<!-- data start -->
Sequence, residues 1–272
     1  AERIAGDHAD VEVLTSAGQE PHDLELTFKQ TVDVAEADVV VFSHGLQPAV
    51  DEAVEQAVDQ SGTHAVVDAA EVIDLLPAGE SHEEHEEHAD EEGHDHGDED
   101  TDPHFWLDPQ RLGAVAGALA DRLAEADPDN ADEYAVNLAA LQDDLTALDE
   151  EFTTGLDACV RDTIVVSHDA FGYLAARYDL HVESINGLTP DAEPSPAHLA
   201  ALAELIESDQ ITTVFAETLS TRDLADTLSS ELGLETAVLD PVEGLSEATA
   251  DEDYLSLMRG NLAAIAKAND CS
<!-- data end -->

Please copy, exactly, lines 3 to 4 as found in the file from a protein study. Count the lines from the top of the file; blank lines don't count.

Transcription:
    51  DEAVEQAVDQ SGTHAVVDAA EVIDLLPAGE SHEEHEEHAD EEGHDHGDED
   101  TDPHFWLDPQ RLGAVAGALA DRLAEADPDN ADEYAVNLAA LQDDLTALDE